For me, the most difficult part of homeschooling has always been dealing with my own doubts. I can deal easily with the doubts of others, although those are rarer the longer we do this and the more outward success we have. Unfortunately--or perhaps, fortunately--my own doubts are not so easily silenced. So I start running through the questions that plague many of us:
Have we done enough? Have we done it the right way? Would (insert name here) have been better off in school? At least for high school? What are we doing????
Then I settle myself down and look at some facts. Fact one: All of my children can read complex material with good comprehension and they love to read. Fact two: All of my children know how to find information that they need. Fact three: All of my children are culturally literate. They understand and recognize allusions from history and literature of the past, but are also conversant with the present. Fact four: All of my children are learning the practical skills needed to live as adults. They can cook, sew on a button, balance a checkbook, check the oil and change a tire, grow food, unclog a toilet, do laundry, or paint the house.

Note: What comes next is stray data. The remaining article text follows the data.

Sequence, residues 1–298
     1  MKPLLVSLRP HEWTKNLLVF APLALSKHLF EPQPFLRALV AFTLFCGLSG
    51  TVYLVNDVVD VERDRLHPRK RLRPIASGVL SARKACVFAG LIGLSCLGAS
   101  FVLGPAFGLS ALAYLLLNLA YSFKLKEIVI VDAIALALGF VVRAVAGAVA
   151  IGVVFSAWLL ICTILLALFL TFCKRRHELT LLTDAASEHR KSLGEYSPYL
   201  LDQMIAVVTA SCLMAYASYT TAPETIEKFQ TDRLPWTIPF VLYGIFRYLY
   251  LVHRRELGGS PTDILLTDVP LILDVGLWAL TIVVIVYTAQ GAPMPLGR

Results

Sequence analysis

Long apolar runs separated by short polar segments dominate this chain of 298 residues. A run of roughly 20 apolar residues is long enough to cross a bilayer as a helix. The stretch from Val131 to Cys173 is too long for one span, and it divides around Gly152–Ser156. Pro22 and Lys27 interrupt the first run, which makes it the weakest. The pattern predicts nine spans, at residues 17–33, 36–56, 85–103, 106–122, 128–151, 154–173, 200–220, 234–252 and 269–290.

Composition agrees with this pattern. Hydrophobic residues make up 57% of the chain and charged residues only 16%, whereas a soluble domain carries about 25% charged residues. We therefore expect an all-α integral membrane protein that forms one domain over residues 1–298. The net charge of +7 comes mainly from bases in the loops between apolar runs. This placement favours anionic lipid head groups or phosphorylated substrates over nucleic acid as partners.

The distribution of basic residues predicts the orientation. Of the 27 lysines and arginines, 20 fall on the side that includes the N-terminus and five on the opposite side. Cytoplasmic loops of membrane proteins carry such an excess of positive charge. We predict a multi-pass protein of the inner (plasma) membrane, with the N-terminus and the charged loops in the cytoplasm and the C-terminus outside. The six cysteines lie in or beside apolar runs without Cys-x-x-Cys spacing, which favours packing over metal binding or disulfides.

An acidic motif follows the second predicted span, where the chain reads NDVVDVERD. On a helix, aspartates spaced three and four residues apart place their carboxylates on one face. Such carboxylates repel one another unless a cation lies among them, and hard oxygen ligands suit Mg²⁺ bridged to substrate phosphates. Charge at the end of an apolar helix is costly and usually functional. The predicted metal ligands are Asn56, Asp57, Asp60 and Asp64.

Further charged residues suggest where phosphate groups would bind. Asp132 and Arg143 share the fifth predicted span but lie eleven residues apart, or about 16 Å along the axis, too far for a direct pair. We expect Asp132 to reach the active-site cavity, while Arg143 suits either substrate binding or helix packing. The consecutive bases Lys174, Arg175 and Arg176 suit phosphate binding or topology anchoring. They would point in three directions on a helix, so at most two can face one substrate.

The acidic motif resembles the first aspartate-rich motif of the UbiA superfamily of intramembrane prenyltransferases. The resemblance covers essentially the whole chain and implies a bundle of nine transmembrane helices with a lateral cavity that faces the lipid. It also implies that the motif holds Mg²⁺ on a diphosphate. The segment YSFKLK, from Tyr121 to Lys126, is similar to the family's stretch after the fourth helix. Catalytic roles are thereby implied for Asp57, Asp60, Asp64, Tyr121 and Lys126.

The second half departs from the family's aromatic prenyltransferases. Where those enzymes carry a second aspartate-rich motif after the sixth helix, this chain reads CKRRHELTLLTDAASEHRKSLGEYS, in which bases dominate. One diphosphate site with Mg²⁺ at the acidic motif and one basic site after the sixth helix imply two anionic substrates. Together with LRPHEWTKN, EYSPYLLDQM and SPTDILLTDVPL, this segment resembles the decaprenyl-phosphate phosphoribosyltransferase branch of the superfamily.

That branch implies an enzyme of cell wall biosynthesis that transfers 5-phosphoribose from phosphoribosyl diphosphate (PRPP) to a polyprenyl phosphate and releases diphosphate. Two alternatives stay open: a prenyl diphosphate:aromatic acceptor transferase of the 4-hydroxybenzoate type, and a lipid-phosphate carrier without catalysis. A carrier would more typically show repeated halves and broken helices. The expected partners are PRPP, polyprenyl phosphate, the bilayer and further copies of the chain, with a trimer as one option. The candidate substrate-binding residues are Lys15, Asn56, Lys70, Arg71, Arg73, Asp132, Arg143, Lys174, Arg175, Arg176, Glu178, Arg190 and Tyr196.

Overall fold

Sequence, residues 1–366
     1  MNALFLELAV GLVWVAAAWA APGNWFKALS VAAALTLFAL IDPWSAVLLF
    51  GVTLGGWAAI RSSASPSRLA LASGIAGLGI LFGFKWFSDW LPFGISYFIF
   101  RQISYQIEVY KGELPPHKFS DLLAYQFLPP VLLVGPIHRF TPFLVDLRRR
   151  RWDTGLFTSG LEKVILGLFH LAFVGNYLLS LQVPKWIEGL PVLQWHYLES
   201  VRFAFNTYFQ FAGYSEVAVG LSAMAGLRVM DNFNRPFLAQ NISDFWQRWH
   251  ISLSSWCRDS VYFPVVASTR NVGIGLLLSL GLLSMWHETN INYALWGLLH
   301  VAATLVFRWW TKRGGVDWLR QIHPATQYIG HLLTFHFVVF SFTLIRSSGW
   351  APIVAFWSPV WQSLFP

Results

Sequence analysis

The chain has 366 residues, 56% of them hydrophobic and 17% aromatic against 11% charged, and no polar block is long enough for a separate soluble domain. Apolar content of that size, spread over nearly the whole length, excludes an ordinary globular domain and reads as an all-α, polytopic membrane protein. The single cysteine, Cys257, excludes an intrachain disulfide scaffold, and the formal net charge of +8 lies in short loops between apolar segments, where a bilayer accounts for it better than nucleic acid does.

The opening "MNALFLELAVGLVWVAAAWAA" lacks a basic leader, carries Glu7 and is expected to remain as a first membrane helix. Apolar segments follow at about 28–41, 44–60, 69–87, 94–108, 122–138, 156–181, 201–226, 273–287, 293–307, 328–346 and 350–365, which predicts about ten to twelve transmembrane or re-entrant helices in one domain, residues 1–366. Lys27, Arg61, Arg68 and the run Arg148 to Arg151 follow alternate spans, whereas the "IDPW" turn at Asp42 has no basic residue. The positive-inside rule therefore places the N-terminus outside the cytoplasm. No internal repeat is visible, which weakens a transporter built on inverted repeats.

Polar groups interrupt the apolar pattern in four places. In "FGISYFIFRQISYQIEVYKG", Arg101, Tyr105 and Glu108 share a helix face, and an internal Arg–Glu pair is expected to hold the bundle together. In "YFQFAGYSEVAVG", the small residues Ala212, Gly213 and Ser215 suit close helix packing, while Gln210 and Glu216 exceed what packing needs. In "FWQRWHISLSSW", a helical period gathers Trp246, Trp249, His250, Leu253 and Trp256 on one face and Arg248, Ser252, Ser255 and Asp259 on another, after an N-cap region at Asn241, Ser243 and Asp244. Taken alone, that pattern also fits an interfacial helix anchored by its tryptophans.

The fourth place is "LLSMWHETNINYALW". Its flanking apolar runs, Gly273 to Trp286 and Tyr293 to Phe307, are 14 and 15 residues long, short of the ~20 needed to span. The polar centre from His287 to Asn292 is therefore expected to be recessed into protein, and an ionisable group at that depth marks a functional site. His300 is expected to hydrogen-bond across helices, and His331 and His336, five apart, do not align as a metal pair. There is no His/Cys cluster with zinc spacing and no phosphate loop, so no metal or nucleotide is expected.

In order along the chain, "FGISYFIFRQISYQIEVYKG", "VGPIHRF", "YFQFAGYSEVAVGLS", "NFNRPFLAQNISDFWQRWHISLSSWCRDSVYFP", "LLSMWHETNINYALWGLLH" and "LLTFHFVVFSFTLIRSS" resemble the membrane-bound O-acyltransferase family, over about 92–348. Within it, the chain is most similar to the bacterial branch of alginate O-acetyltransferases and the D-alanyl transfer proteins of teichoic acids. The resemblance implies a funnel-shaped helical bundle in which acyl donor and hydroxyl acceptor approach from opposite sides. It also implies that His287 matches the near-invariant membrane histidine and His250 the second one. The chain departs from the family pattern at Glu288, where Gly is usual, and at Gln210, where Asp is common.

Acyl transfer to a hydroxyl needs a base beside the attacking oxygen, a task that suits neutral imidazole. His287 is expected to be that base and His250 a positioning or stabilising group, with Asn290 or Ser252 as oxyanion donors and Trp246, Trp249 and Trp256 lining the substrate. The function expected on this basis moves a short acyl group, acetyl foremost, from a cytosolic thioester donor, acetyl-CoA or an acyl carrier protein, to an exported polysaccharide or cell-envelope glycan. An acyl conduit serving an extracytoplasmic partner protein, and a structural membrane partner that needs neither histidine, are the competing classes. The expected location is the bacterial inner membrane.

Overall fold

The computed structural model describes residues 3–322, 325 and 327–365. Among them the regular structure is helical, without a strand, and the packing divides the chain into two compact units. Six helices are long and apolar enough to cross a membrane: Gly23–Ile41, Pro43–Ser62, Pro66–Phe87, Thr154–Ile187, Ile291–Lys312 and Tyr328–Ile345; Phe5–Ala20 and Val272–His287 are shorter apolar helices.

Could we have followed a more structured path? Certainly. Could we have pushed more advanced academic subjects? Sure. Could I have instilled more of a desire for success in the eyes of the world? Without a doubt. But we haven't done those things. Do I wish we had? Sometimes, but not because I am unhappy with our results. Instead, it is because I sometimes get these worries about how things SHOULD be, generally because of something someone says.
I also know that even if I had done all of things, I would be having doubts. So we'll continue on, adjusting as we go, doing what seems to make sense for each of the kids. It won't be perfect. It might not even be the best. And I'll always second-guessing. But it's working for us.